There are many inspired moments in this film. There is a deadpan Keenan Wynn saying that breaking the soda machine for change to call off the nuclear attack will result in the dire consequences of having to answer to the Coca Cola Company. The look on Scott's face as his General, in an elated depiction of how great his pilots are at carrying out their mission, turns to a realization of the horror of the situation, is great acting. He also hysterically says that General Ripper "may have exceeded his authority" in ordering a nuclear attack. Equally funny is when Turgidson says that the whole military decision making process should not be scrapped because of "one slipup." The Russian leader's name is "Premiere Kissoff," which is appropriate for what is happening to the human race. Pickens' Major Kong says that there will be citations and promotions for his crew after their mission, as if there will be any "after" following the explosion of the nuclear weapons. The plane's H-bombs outrageously have written on them "Nuclear Warheads - Handle with Care," as if they were only some dinner plates in a crate. The use of the music from the song "Try a Little Tenderness" at the beginning as bombers are depicted, is truly ironic, as are the signs at Ripper's air force base stating "Peace is our Profession," which is the actual the motto of SAC. Dr. Strangelove is in a wheelchair, suggesting that the fascist movement has been crippled.  But, at the end, when the bombs are exploding, he is able to walk again, showing that, ironically, we have resurrected the dark angel of death.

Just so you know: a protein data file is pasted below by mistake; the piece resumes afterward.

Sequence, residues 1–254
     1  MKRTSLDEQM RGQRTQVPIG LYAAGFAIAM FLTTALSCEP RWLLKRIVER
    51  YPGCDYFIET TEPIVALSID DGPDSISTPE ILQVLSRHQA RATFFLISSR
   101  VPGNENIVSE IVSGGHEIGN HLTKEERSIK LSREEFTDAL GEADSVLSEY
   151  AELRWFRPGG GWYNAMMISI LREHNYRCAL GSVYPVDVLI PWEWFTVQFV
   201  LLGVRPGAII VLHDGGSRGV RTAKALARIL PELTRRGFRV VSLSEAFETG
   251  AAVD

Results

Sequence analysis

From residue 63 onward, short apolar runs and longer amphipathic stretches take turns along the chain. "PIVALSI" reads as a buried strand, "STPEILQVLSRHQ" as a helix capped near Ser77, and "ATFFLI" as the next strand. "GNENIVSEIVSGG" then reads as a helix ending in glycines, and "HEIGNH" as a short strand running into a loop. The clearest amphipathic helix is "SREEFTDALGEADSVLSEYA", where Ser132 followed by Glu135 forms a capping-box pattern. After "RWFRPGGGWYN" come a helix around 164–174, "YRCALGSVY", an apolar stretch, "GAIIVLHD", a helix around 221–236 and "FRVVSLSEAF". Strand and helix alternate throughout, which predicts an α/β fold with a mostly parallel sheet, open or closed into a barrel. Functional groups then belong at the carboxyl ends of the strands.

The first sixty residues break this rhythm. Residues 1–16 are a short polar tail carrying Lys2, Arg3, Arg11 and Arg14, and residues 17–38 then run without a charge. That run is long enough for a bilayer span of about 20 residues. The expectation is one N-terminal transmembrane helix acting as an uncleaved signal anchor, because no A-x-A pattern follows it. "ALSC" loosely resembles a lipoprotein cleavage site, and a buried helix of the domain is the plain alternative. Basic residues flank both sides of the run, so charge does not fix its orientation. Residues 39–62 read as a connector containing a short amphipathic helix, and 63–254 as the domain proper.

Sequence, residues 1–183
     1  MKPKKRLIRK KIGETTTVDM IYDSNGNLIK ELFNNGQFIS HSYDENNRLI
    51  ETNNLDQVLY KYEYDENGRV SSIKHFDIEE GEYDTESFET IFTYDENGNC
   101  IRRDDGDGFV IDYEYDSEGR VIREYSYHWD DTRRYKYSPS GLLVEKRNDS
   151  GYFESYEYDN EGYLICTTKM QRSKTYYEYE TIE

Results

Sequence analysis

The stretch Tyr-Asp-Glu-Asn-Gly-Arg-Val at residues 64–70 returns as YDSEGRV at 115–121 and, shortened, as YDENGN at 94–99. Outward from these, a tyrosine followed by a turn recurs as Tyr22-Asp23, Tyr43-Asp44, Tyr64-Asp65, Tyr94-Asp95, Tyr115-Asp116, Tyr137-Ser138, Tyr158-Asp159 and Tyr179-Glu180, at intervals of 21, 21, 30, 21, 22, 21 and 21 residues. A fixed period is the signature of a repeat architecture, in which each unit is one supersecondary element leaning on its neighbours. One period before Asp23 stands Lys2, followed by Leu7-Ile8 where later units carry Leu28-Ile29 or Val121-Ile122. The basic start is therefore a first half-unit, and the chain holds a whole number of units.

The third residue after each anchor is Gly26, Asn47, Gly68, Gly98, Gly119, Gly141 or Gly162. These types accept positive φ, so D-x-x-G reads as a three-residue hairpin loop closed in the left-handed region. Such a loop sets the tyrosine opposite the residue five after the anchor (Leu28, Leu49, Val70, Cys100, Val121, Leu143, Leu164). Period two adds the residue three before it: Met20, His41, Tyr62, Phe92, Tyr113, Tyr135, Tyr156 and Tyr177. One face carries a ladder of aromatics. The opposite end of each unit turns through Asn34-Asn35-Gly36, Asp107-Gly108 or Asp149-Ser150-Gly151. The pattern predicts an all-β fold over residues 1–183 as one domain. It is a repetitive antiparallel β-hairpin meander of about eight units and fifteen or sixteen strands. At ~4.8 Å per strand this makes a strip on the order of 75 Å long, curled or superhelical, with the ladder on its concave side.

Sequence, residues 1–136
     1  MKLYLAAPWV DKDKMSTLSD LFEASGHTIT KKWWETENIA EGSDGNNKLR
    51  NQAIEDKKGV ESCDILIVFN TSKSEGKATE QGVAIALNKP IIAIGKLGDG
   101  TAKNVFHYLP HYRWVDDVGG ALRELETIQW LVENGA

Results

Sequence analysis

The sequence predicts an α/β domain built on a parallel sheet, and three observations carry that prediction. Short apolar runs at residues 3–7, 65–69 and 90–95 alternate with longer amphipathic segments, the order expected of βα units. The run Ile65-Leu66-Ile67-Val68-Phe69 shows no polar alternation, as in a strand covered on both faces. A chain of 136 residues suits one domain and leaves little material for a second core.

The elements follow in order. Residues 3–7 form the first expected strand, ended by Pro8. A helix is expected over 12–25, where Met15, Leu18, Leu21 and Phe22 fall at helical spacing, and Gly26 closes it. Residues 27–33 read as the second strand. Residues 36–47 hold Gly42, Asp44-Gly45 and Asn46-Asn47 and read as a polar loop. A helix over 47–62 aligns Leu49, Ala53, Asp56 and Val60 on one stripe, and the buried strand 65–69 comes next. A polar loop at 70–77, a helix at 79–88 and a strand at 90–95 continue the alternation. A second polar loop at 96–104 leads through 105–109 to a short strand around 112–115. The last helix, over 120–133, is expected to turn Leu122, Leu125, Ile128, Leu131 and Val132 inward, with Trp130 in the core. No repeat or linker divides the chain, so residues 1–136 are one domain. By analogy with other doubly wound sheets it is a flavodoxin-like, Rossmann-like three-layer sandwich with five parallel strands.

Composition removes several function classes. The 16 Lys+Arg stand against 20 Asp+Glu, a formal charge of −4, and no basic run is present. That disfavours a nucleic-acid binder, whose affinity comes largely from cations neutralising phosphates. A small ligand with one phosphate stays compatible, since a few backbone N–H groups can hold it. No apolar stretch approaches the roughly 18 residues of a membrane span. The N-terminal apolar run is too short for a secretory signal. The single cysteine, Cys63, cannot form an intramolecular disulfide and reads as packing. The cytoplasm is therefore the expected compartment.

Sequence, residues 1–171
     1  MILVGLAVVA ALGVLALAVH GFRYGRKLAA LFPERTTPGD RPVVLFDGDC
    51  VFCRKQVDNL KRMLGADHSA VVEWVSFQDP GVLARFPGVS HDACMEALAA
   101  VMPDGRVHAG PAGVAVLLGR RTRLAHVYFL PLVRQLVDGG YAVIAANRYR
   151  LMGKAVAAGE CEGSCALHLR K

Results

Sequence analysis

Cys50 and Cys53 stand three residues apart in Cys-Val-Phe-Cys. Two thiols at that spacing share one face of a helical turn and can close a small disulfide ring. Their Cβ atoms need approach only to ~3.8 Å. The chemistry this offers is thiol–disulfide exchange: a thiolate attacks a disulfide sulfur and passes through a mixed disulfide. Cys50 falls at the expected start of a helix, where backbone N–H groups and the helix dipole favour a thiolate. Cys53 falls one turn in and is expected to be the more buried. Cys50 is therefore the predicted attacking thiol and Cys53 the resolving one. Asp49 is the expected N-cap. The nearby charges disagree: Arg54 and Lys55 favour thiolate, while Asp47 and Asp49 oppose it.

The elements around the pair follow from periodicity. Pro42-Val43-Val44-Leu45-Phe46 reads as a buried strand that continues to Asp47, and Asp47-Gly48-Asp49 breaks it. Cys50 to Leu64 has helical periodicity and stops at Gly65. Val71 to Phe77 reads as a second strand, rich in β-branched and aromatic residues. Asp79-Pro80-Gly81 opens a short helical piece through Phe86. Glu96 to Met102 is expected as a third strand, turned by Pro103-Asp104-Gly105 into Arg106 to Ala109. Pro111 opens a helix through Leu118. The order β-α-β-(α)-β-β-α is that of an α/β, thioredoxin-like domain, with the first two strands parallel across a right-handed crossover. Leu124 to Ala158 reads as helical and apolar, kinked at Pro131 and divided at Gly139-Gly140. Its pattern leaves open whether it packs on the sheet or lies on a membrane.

This film is my favorite satire, although Wag the Dog and Thank you for Smoking are up there, too. Do you have favorites under this category?

Next week’s film is Vertigo.

Wednesday, November 5, 2014

Forbidden Planet

I have enjoyed watching movies, discussing them, and just plain having fun thinking, quoting, and referencing them as long as I can remember. In recent years I have taken a number of film studies courses. My scholarly background is in literature, and those films which weave images and words, as do certain stories and poems, into fabrics of meaningful themes appeal to me. I think the relevance of movies is valued by many people, particularly Americans, since they are part of the backdrop of our existence.  Films bookmark our personal narratives.